Over the past few years, React Native has become a popular choice for the Android and iOS apps development. The cross-platform code sharing promise is undoubtedly the most tempting feature of this technology. Despite being a very popular choice React Native is not a holy grail and has its own limitations. There are companies which already decided to change their mobile tech stack radically and switch to platform-native development of their existing apps.
There is however a new solution available which aims to allow implementing scalable, multiplatform projects which promise to eliminate the React Native issues. Kotlin Multiplatform allows targeting not only iOS and Android but also backend, web frontend, and desktop platforms at the same time allowing to compile the shared codebase into platform-specific executable code without any bridge.
This article will compare and contrast the capabilities of the well-adopted and already mature React Native technology with the new experimental Kotlin language feature called Kotlin Multiplatform in order to find out what use cases each of them better suits for.
The big advantage of React Native is the big community and good adoption in the mobile community. There are plenty of external libraries and custom, open source components available around. All this makes it convenient choice for rapid prototyping and quick MVPs.
UI code shared between iOS and Android
Live reload of the app's UI
A great number of open source libraries
Reusable UI code
Short team size
Good for small mobile MVP projects
Bridged communication between JS code and native platform
Limited to iOS and Android platforms
Since Kotlin started to be officially supported by Google as a language for Android apps it is constantly growing. Kotlin is becoming very popular among developers because of its cleanness and development speed. It was even chosen as the second most loved programming language in the Stack Overflow Developer Survey in 2018. Although this new language itself is currently most popular among Android developers it can be used also on the backend and frontend sides. Moreover, it can be compiled and run natively on iOS, MacOS, Linux, Windows, WebAssembly, and even embedded systems like STM32.
Multiplatform development of business logic code
A great number of compilation targets - Android, JVM, native: iOS, Windows, Linux, embedded platforms and more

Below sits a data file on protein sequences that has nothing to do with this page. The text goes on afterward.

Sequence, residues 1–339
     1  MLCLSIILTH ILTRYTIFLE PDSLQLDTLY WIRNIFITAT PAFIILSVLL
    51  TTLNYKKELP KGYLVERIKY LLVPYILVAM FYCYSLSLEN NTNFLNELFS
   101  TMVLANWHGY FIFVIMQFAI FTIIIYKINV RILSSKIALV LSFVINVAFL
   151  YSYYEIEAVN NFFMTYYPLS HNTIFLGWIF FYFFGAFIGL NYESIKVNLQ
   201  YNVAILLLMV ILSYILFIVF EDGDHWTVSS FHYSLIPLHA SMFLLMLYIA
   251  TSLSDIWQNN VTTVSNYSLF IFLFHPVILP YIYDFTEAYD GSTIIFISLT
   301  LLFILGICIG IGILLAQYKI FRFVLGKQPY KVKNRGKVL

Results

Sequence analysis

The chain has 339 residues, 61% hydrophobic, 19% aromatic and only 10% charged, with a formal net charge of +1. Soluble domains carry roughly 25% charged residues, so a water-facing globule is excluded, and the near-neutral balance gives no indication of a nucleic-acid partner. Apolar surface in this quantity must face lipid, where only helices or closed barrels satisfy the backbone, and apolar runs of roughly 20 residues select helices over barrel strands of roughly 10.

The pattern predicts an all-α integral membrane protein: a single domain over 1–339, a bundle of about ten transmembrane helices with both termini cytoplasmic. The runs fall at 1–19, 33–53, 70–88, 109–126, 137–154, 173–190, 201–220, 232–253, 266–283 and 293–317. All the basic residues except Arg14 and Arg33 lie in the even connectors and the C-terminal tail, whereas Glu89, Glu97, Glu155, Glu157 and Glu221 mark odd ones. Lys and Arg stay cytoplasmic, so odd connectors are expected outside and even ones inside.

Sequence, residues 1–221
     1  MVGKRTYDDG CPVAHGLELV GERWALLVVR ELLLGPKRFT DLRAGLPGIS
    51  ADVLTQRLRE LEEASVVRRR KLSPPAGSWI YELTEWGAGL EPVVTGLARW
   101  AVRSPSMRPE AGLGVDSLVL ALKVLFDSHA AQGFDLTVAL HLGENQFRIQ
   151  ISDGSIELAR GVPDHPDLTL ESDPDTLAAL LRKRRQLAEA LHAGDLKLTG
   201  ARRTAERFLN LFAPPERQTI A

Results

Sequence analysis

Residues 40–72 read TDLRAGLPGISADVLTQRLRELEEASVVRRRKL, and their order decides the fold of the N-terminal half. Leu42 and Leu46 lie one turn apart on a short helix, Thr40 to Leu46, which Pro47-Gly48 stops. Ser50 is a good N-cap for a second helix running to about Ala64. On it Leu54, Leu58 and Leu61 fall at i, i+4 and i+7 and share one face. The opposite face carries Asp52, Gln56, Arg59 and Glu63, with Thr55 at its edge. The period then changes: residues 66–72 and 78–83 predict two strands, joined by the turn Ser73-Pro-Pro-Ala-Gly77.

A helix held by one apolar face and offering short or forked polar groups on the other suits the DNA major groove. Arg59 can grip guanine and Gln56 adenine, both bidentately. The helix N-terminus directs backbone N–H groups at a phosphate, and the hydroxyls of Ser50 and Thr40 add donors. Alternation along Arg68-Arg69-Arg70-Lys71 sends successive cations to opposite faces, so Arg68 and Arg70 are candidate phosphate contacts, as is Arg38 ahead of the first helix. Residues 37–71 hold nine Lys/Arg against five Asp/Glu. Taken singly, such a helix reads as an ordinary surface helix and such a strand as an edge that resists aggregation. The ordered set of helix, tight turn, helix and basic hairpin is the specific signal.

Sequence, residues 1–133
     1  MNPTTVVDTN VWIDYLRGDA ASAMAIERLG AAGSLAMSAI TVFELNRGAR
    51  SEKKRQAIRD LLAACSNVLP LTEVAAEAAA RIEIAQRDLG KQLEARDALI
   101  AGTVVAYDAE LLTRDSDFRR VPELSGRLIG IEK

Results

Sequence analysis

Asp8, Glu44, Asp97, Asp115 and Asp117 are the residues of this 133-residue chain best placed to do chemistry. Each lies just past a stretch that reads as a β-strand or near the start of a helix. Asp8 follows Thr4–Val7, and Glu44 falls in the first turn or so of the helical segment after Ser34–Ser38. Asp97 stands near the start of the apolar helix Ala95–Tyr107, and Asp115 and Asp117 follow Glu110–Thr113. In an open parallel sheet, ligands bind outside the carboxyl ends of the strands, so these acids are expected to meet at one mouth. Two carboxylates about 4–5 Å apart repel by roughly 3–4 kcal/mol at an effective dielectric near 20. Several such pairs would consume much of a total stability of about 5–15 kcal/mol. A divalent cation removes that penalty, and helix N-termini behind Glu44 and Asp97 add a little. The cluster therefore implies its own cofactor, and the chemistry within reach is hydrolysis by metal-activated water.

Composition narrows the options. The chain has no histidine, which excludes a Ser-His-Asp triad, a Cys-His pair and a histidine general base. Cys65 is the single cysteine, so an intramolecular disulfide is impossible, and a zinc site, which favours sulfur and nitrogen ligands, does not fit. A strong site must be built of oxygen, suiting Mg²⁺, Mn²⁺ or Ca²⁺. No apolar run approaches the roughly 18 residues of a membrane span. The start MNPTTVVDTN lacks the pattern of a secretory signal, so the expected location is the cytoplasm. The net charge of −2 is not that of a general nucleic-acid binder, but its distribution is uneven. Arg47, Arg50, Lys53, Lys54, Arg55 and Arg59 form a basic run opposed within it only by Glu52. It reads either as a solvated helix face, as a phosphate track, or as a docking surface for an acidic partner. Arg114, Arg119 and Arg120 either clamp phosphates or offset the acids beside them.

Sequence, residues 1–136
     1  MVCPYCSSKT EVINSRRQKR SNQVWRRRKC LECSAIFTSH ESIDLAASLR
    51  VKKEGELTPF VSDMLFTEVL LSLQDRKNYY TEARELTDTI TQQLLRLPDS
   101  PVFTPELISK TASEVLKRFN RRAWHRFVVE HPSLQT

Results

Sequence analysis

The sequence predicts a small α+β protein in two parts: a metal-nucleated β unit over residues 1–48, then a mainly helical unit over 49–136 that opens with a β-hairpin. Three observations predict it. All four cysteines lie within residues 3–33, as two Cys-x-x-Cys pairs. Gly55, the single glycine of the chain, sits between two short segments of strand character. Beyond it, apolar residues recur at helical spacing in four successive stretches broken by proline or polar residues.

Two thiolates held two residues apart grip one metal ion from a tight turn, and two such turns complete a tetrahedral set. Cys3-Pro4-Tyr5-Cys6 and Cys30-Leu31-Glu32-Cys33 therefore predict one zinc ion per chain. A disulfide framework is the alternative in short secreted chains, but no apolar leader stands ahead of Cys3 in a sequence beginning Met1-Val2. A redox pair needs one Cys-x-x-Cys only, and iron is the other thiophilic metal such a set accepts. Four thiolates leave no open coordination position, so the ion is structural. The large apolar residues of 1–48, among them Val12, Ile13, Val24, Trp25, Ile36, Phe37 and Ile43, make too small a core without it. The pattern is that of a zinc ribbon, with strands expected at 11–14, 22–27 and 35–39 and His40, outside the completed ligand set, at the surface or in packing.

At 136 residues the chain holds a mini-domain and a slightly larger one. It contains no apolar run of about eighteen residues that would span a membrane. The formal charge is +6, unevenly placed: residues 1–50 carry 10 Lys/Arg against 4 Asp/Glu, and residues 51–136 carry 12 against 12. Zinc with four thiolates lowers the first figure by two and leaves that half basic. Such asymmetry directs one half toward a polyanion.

Modern language - safe, concise syntax, efficient multiplatform async framework and more
Compilation to native platform-specific executable artefacts
No bridges between shared code and native platforms
Best possible performance
Possibility share code on many platforms: Android, JVM, JS, native (iOS, x86, stm32 and more)
Suitable for top-crafted, scalable projects, not only for mobile apps
Still in the experimental state
A limited amount of available libraries
Usually requires a bigger team of devs working together
Less suitable for fast MVPs and prototypes
React Native tends to lose its domination in the mobile area which is probably caused by the latest release of Flutter - another multiplatform UI framework by Google. The future of both is still unknown, although it seems the hype for Flutter has already started.
Is there a place for Kotlin Multiplatform then?
It seems so. It turns out it could be a great technology to be integrated into the mobile apps along with Flutter. That’s because Flutter allows separating the UI layer from the business logic effectively and Kotlin Multiplatform provides an exceptionally good way of the business logic code sharing among multiple platforms.
There is also an experimental Google project under development - the Hummingbird. It aims to allow reuse of Flutter UI code not only on mobile platforms but also on the web frontend. And that’s the web frontend where Kotlin Multiplatform has the potential to be used as well. The Flutter for Web beta is speculated to be announced around Google I/O 2019.
Are we going to develop multiplatform apps for the mobile and web platforms at the same time? it seems there is going to be such an option available. Developing apps with Kotlin Multiplatform and Flutter would require the use of two languages - Kotlin and Dart, however, from the developer perspective both languages are friendly. Although there are already the basic Kotlin Multiplatform libraries available like SQLDelight database, Ktor REST API client or Kissme - secure key-value storage, the Kotlin Multiplatform adoption will highly depend on the development of the new ones.
Is it the end of React Native? Probably not. As a mature technology, it will still be great choice for iOS and Android apps - especially for rapid MVP development and fast prototyping. However, it seems it is going to be an interesting year and the new multiplatform development standard is just around the corner. Stay tuned and let’s see what this year comes with!